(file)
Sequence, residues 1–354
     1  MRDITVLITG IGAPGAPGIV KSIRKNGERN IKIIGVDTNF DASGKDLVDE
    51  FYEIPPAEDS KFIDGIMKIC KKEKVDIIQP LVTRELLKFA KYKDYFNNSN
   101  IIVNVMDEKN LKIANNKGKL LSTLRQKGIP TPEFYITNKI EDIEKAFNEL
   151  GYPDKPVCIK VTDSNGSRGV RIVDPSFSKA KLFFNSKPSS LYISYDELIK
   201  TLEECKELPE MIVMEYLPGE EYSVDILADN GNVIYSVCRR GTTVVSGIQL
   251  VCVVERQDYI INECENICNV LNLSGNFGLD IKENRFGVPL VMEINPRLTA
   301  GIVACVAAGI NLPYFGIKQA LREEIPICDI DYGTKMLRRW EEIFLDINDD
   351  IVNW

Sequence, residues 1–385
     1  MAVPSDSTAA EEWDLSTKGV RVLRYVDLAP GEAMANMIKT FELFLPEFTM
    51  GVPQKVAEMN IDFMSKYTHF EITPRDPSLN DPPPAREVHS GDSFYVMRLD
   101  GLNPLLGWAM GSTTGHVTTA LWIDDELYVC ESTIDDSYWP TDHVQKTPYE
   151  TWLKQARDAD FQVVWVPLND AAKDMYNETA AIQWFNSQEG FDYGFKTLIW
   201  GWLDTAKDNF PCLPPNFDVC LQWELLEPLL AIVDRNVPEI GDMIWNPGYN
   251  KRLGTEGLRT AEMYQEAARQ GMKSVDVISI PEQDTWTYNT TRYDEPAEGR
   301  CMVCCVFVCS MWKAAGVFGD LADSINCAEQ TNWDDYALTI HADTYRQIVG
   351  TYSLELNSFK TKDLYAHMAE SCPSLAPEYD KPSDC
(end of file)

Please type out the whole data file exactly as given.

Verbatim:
Sequence, residues 1–354
     1  MRDITVLITG IGAPGAPGIV KSIRKNGERN IKIIGVDTNF DASGKDLVDE
    51  FYEIPPAEDS KFIDGIMKIC KKEKVDIIQP LVTRELLKFA KYKDYFNNSN
   101  IIVNVMDEKN LKIANNKGKL LSTLRQKGIP TPEFYITNKI EDIEKAFNEL
   151  GYPDKPVCIK VTDSNGSRGV RIVDPSFSKA KLFFNSKPSS LYISYDELIK
   201  TLEECKELPE MIVMEYLPGE EYSVDILADN GNVIYSVCRR GTTVVSGIQL
   251  VCVVERQDYI INECENICNV LNLSGNFGLD IKENRFGVPL VMEINPRLTA
   301  GIVACVAAGI NLPYFGIKQA LREEIPICDI DYGTKMLRRW EEIFLDINDD
   351  IVNW

Sequence, residues 1–385
     1  MAVPSDSTAA EEWDLSTKGV RVLRYVDLAP GEAMANMIKT FELFLPEFTM
    51  GVPQKVAEMN IDFMSKYTHF EITPRDPSLN DPPPAREVHS GDSFYVMRLD
   101  GLNPLLGWAM GSTTGHVTTA LWIDDELYVC ESTIDDSYWP TDHVQKTPYE
   151  TWLKQARDAD FQVVWVPLND AAKDMYNETA AIQWFNSQEG FDYGFKTLIW
   201  GWLDTAKDNF PCLPPNFDVC LQWELLEPLL AIVDRNVPEI GDMIWNPGYN
   251  KRLGTEGLRT AEMYQEAARQ GMKSVDVISI PEQDTWTYNT TRYDEPAEGR
   301  CMVCCVFVCS MWKAAGVFGD LADSINCAEQ TNWDDYALTI HADTYRQIVG
   351  TYSLELNSFK TKDLYAHMAE SCPSLAPEYD KPSDC